In praise of beauty

GodCreates-Man-Sistine-ChapelCaught up in the holiday weekend’s spirit of thankfulness, I want to reach back to last weekend and Pope Benedict’s meeting with artists from around the world in the Sistine Chapel, which was covered by The New York Times’ Rachel Donadio:

Sitting before Michelangelo’s “Last Judgment” in the Sistine Chapel, after a choir sang music by Palestrina, Benedict urged them to embark on “a quest for beauty.” In what he called “a cordial, friendly and impassioned appeal,” he told his guests to be “fully conscious of your great responsibility to communicate beauty, to communicate in and through beauty.”

He said the aim of the event on Saturday was “to re-establish a dialogue” between the church and artists “that’s necessary and fertile for both.”

Donadio’s brief article told us who was there (composer Arvo Part) and who wasn’t (U2′s Bono), and it quoted artists who held two opposing perspectives on the gathering: those who seemed pleased (or even blessed) and those who remained suspicious of the pope’s motives (and considered the event a “facade.”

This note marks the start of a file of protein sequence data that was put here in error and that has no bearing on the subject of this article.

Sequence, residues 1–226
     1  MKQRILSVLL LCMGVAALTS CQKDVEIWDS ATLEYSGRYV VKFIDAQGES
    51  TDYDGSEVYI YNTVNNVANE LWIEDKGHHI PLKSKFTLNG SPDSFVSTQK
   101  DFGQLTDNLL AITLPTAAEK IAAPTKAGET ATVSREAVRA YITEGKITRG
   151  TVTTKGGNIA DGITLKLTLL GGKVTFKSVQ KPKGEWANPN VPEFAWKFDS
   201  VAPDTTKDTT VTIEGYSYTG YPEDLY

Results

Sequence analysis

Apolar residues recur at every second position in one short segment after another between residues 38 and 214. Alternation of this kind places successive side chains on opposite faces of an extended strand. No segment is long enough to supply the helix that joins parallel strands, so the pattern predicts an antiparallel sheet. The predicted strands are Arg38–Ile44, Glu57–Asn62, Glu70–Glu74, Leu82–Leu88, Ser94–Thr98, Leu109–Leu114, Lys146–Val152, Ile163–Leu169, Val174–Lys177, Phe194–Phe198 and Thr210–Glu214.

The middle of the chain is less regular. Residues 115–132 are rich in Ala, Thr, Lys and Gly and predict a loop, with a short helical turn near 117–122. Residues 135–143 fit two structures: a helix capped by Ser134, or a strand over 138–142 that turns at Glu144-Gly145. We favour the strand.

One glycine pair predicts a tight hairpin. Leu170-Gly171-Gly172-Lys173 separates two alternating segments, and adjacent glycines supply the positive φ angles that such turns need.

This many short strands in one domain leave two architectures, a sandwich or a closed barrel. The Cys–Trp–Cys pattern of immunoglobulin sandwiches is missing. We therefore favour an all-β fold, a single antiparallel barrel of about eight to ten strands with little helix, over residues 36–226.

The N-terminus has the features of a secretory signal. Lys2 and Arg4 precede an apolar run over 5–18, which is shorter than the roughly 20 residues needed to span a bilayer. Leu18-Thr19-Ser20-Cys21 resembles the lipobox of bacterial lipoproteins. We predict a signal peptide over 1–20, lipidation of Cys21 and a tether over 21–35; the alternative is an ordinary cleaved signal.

(You can see more about the event in a report by Catholic News Service.)

There are tons of articles and reports about religion that could be addressed here today, but I’m casting my lot with the one that addresses beauty. Happy Thanksgiving!

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  • B

    I’m curious where you’re reading this suspicious response, Steve. Has the article as it now appears on the NYT website been edited?